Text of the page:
10. says: EBOOK DOWNLOAD A People's Tragedy The Russian Revolution 1891–1924

    EBOOK DOWNLOAD A People's Tragedy The Russian Revolution 1891–1924 This is a remarkable book on the Russian Revolution It’s coverage from 1891 thru 1924 is detailed but very readable We are presented with a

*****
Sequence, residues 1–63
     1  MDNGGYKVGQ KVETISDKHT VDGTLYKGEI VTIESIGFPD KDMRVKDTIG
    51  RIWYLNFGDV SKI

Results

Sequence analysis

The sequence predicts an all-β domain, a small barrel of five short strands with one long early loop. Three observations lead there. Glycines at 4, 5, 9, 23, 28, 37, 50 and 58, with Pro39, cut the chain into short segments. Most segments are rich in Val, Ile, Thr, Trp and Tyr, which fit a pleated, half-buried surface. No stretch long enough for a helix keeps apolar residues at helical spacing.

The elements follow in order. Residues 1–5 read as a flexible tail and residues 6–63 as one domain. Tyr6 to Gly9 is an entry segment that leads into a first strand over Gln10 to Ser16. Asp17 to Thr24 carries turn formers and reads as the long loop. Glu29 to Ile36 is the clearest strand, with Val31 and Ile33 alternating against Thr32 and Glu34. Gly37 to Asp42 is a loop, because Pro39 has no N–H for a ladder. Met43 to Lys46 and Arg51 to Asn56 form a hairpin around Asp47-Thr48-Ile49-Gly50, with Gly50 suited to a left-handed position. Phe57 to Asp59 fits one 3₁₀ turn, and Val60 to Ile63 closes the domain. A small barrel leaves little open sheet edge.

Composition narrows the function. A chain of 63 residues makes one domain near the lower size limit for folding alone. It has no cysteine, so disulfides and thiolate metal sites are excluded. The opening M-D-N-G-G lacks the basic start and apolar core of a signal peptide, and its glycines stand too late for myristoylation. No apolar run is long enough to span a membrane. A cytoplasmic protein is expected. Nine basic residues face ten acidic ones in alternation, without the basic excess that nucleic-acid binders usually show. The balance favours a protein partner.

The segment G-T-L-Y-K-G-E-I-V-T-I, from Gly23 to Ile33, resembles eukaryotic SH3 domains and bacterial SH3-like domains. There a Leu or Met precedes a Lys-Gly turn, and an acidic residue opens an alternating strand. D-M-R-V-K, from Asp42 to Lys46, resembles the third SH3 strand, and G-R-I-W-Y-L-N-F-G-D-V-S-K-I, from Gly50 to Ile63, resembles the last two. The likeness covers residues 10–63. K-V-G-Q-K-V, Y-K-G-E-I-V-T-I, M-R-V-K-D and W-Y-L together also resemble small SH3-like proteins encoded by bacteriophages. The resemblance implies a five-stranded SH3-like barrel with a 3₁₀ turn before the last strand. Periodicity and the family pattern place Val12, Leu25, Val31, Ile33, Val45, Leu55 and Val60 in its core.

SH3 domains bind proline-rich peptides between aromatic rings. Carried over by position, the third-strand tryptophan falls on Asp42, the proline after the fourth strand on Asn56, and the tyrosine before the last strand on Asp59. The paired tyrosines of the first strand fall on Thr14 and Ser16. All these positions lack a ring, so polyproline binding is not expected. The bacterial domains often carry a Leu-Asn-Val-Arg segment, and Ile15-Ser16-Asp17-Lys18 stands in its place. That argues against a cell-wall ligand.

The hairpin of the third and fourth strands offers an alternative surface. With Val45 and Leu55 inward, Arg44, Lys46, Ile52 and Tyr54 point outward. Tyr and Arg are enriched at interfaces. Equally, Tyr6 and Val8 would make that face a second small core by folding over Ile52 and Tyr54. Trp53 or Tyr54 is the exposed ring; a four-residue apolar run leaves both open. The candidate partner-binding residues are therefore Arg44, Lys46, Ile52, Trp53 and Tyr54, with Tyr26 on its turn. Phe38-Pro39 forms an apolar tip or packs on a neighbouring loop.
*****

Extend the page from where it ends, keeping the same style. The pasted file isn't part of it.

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Free read A People's Tragedy The Russian Revolution 1891–1924